On arriving at his 20th year, Mr. Reynolds, seeting that he must look about for his own livelihood and not yet having determined what calling to pursue, concluded first to attend college, and he accordingly went to such an institution of learning, near Knoxville, Tenn., where he had relatives. Imagine his diffidence, when, after passting the first 20 years of his life without ever having seen a carpet, a papered wall or a Windsor chair, and never having lived in a shingle-roofed house, he suddenly ushered himself into the society of the wealthy in the vicinity of Knoxville! He attended college nearly two years, going through the principal Latin authors; abut it seems that he, like the rest of the world in modern times, had but very little use for his latin in after life. He always failed, indeed, to exhibit any good degree of literary discipline. He commenced the study of law in Knoxville, but a pulmonary trouble came on and compelled him to change his mode of life. Accordingly he returned home and recuperated, and in 1812 resumed his college and law studies at Knoxville. In the fall of 1812 he was admitted to the Bar at Kaskaskia. About this time he also learned the French language, which he practiced with pleasure in conversation with his family for many years. He regarded this language as being superior to all others for social intercourse.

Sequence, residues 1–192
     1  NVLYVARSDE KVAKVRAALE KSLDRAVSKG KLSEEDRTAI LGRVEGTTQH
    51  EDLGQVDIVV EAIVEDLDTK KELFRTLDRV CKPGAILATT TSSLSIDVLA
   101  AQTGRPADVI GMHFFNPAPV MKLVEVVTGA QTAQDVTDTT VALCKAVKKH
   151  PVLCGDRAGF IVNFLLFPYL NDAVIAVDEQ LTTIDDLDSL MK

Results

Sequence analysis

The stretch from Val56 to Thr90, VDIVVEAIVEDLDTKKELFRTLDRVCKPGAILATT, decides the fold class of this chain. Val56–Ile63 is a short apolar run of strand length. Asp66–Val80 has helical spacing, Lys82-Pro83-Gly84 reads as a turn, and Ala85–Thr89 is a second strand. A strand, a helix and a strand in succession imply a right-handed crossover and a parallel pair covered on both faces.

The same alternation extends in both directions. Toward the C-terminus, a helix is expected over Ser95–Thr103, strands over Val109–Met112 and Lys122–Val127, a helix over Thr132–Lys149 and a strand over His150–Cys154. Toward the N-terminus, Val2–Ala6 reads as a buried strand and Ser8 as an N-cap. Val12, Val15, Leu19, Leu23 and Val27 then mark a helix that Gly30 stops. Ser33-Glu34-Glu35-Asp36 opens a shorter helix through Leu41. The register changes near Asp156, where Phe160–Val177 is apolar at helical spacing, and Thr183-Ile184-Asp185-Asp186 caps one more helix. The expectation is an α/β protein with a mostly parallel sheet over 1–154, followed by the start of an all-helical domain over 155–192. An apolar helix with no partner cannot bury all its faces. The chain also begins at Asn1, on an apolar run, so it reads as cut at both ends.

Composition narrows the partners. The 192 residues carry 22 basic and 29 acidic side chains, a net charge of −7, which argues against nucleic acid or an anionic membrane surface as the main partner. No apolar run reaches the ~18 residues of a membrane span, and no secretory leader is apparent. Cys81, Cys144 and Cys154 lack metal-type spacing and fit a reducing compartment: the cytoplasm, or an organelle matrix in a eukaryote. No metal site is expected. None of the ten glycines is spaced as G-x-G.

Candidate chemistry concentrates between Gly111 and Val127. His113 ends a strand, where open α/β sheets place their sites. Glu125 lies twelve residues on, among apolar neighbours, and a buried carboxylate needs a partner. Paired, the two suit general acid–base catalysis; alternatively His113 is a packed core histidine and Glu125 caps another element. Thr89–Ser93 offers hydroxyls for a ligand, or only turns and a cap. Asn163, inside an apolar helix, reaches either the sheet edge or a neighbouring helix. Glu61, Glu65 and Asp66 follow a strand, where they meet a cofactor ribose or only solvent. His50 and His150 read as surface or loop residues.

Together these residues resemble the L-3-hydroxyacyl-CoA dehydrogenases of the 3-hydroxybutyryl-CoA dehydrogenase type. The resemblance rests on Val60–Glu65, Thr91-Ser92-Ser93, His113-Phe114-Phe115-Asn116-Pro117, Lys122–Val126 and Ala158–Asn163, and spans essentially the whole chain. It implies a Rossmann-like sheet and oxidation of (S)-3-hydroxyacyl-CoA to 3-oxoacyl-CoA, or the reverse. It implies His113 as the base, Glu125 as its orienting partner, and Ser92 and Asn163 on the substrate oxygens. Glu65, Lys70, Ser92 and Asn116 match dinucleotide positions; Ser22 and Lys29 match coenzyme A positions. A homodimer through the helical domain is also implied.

From his services in the West, in the war of 1812, he obtained the sobriquet of the “Old Ranger.” He was ORderly Sergeant, then Judge Advocate.
Mr. Reynolds opened his first law office in the winter and spring of 1814, in the French village of Cahokia, then the capital of St. Clair County.